Does Apple's Win Spell Disaster For Samsung?

| About: Samsung Electronics (SSNLF)

The Trial of the Century has come to a close and Apple (NASDAQ:AAPL) has emerged as the resounding winner against Samsung (OTC:SSNLF). This case has been the talk of the technology world for the past month and has had more drama than a Grisham novel. A jury ruled that:

  • Samsung violated six of seven Apple patents presented in the case (five of which were "willful" and could bring triple damages)
  • All seven of Apple's patents at issue are valid
  • Apple did not violate any of the five Samsung patents presented
  • Samsung ordered to pay $1.05B for its violations

(Source: US Northern District of California Apple vs. Samsung Full Jury Verdict Form)

This was certainly an "all-in" trial for both firms as both Samsung and Apple revealed key proprietary information in an attempt to emerge victorious. This was an even larger issue for the notoriously close-lipped Apple which made public sales and profit information on some products for the first time. The disclosure of information was certainly worth it for Apple and it shows the degrees to which Apple will continue to go in order to beat rivals. Apple's commitment should provide investors' confidence. On the other extreme, Samsung's blatant infringement should make investors question the degree to which the company can out-innovate rivals in the future.

The ruling will have sweeping implications in the near-term for Apple, Samsung, and Google (NASDAQ:GOOG) but Samsung will likely feel the largest impact. Aside from the obvious financial ruling, the intangible impacts of the case will reverberate for years. Samsung will likely have to make dramatic updates to the 'look-and-feel' of its smartphones in order to avoid infringing on Apple's patents in the future. Key patents mentioned in the case include "pinch to zoom" and "bounce back" that rivals have copied and consumers now come to expect. Apple will likely offer to license most patents to the tune of approximately $30 per device but may be reluctant to offer the key patents to competitors.

Make no mistake, Samsung will appeal this ruling vigorously and it will likely be months before the case is finalized. Samsung will seek to have the ruling overturned or have the damages reduced while Apple will seek injunctions against infringing products and to collect more in damages from Samsung. Apple appears to have the lead in appeals as legal experts believe that the Federal Court has already "blessed the jury's findings". The possibility still exists that Apple will settle with Samsung if the company drops its plans to appeal since the companies are still critical partners in many different markets. Remember, Apple is Samsung s largest customer and accounts for almost ten percent of Samsung's sales. Just this week Samsung announced plans to invest $4B in a key chip plant that produces Apple's A5 and A5X chips.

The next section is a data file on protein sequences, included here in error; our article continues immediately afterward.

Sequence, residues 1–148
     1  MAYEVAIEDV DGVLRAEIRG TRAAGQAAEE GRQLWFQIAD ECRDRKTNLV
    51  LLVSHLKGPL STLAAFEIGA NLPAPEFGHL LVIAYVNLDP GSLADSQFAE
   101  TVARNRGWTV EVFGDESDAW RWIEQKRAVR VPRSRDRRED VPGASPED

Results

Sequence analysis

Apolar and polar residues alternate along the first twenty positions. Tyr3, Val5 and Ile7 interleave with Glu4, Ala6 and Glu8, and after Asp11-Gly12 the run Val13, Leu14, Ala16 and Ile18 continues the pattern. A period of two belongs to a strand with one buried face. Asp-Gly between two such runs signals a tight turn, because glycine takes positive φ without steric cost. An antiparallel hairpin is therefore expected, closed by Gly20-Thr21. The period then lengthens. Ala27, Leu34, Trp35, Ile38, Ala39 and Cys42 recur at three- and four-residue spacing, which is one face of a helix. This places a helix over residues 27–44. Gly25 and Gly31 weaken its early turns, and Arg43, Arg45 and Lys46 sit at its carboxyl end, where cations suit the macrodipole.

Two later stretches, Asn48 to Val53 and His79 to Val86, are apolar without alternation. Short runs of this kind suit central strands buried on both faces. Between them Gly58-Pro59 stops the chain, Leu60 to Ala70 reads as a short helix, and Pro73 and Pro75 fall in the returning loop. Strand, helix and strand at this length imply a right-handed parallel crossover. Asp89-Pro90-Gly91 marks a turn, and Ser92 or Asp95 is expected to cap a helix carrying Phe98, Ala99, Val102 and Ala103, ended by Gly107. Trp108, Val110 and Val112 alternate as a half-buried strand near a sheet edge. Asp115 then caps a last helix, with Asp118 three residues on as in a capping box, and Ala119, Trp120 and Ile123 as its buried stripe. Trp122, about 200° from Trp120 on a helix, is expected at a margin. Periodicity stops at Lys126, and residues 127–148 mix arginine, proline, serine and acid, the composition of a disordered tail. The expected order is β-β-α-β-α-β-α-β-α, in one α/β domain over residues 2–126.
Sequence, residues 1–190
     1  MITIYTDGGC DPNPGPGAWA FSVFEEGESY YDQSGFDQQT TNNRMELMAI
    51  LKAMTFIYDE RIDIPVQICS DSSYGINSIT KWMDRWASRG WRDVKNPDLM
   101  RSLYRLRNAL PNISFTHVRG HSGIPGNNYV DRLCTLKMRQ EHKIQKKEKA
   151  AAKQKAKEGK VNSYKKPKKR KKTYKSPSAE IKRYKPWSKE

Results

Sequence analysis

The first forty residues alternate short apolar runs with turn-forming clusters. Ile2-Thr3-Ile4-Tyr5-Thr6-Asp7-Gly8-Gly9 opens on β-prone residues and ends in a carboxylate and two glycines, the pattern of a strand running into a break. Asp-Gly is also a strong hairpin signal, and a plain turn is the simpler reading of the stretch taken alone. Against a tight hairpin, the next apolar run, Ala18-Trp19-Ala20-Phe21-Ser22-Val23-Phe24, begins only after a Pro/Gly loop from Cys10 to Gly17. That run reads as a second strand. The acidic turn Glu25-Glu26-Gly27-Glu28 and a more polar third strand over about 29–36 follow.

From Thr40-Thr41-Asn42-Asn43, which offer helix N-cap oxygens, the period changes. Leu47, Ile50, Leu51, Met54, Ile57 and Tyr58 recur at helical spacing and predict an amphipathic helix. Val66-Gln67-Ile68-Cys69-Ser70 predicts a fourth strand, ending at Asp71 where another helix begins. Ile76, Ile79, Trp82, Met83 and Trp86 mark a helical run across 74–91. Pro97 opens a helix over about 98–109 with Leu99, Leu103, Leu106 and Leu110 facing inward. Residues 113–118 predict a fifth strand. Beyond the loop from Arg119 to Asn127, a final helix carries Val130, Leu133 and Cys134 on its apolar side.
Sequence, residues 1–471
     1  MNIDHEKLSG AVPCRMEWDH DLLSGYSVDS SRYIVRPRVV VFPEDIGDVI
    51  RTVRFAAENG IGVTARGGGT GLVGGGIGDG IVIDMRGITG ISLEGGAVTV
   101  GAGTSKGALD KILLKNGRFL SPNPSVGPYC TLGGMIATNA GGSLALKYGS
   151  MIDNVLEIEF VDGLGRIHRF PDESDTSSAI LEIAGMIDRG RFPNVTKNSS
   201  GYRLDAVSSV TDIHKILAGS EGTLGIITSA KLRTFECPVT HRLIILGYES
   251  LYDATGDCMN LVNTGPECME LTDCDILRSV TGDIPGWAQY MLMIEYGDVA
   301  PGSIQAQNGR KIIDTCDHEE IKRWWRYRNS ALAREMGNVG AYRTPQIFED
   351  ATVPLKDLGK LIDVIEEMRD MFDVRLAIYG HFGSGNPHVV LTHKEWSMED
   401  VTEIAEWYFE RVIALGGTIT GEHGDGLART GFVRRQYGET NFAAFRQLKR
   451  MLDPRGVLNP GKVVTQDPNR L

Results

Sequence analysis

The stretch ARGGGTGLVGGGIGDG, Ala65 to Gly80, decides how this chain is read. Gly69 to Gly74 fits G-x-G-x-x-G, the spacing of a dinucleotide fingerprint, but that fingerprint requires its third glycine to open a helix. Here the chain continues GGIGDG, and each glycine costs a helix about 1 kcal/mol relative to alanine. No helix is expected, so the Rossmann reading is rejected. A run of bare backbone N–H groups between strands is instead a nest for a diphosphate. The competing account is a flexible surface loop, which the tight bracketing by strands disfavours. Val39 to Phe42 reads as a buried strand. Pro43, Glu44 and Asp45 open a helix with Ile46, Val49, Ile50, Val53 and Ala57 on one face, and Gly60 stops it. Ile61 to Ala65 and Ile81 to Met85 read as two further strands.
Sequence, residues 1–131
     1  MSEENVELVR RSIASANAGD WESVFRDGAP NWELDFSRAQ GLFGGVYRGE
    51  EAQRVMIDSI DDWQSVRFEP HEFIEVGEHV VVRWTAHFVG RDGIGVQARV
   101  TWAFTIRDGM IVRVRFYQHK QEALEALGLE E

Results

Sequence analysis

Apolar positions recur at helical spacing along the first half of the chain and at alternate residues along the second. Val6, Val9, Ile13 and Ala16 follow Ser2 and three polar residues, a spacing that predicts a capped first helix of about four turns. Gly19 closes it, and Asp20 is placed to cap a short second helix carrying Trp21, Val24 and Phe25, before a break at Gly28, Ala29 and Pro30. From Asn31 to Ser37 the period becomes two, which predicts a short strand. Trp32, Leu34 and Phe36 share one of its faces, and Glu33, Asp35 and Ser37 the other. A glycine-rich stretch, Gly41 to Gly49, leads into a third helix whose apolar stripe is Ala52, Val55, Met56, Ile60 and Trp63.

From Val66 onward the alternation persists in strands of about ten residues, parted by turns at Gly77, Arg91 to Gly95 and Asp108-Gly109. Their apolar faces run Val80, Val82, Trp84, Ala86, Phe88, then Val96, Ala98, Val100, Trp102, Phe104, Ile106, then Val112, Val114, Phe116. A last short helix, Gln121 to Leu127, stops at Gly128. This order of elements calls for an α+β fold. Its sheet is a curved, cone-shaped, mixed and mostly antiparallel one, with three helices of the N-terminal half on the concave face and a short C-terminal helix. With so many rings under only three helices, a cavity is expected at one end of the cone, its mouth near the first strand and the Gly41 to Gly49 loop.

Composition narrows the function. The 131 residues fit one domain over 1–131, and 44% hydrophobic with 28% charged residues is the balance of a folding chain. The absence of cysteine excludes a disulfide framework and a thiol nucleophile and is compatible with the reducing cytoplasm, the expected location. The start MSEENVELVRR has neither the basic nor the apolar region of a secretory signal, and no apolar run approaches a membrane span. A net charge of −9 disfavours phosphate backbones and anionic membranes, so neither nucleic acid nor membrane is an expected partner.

While the case has focused primarily on Apple and Samsung, Google will face serious repercussions as well. Google produces the alternative operating system, Android, that is essentially the only competitor to Apple's iOS. Some of the utility patents that the jury ruled Samsung infringed upon are staples for Android. If these features are taken away, consumers may slow their adoption of Android devices. This ruling could cause HTC, Motorola, and other companies involved in litigation with Apple to take pause before pursuing the case. It is likely that all competitors will at least delay the releases of their newest smartphones to ensure that they are not infringing on the key patents involved in the case.

On the bright side for Samsung, the financial damages could have been far worse. Most analysts expected Samsung to lose the case so you would think that most of the downside was priced into the stock. The $1B ruling is less than half of what Apple was seeking although it could rise depending on Apple's appeals. For reference, Samsung has approximately $21B in cash so the firm can afford the verdict. So no, the verdict will not be ruinous for Samsung but it will force the company to finally stand on its own legs and innovate. Can the company do that? Only time will tell.

Disclosure: I am long AAPL, GOOG. I wrote this article myself, and it expresses my own opinions. I am not receiving compensation for it (other than from Seeking Alpha). I have no business relationship with any company whose stock is mentioned in this article.

Additional disclosure: Disclosure: Short AAPL Aug 31 $660 Calls.